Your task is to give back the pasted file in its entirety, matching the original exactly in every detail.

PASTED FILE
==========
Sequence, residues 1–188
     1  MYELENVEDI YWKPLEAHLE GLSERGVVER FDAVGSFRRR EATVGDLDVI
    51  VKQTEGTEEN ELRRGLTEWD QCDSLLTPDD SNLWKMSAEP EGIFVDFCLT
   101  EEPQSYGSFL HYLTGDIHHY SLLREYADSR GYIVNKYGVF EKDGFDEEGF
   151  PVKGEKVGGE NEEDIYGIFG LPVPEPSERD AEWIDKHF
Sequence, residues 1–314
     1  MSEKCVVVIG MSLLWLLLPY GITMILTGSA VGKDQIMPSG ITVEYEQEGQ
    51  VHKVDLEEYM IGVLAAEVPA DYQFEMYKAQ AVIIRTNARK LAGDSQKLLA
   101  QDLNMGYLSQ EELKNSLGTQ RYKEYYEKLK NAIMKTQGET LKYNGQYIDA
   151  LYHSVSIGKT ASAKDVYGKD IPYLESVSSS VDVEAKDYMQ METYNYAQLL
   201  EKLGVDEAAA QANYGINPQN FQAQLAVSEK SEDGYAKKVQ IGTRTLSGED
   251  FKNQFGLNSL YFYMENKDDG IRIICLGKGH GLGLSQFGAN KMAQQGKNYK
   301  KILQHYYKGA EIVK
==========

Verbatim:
Sequence, residues 1–188
     1  MYELENVEDI YWKPLEAHLE GLSERGVVER FDAVGSFRRR EATVGDLDVI
    51  VKQTEGTEEN ELRRGLTEWD QCDSLLTPDD SNLWKMSAEP EGIFVDFCLT
   101  EEPQSYGSFL HYLTGDIHHY SLLREYADSR GYIVNKYGVF EKDGFDEEGF
   151  PVKGEKVGGE NEEDIYGIFG LPVPEPSERD AEWIDKHF
Sequence, residues 1–314
     1  MSEKCVVVIG MSLLWLLLPY GITMILTGSA VGKDQIMPSG ITVEYEQEGQ
    51  VHKVDLEEYM IGVLAAEVPA DYQFEMYKAQ AVIIRTNARK LAGDSQKLLA
   101  QDLNMGYLSQ EELKNSLGTQ RYKEYYEKLK NAIMKTQGET LKYNGQYIDA
   151  LYHSVSIGKT ASAKDVYGKD IPYLESVSSS VDVEAKDYMQ METYNYAQLL
   201  EKLGVDEAAA QANYGINPQN FQAQLAVSEK SEDGYAKKVQ IGTRTLSGED
   251  FKNQFGLNSL YFYMENKDDG IRIICLGKGH GLGLSQFGAN KMAQQGKNYK
   301  KILQHYYKGA EIVK